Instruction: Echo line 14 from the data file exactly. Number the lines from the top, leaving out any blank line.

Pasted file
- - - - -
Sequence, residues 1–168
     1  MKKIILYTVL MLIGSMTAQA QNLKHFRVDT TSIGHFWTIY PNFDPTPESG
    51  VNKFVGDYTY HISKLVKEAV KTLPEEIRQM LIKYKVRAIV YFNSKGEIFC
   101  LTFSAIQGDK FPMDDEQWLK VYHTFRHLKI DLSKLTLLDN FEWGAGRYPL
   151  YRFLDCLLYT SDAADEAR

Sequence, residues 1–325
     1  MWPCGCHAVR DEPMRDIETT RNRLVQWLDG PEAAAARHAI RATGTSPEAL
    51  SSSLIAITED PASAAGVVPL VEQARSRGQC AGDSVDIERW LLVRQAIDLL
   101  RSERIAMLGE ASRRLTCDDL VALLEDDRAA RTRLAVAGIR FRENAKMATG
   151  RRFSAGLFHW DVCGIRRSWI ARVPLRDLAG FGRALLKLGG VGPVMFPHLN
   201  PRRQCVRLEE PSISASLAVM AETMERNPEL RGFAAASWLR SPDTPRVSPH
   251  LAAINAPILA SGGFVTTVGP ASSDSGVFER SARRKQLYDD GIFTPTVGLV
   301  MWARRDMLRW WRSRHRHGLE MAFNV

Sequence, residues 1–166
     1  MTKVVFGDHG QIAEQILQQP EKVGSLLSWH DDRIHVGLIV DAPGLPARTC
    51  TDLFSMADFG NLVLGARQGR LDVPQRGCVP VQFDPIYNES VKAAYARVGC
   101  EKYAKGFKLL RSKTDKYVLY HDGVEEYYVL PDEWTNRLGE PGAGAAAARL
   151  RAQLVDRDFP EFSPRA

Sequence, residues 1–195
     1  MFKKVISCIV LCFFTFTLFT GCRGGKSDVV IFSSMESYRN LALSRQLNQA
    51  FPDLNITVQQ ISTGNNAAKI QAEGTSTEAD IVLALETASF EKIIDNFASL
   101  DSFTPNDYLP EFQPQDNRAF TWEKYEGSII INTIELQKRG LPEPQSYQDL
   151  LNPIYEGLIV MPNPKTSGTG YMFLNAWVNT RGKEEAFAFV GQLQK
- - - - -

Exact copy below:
Sequence, residues 1–166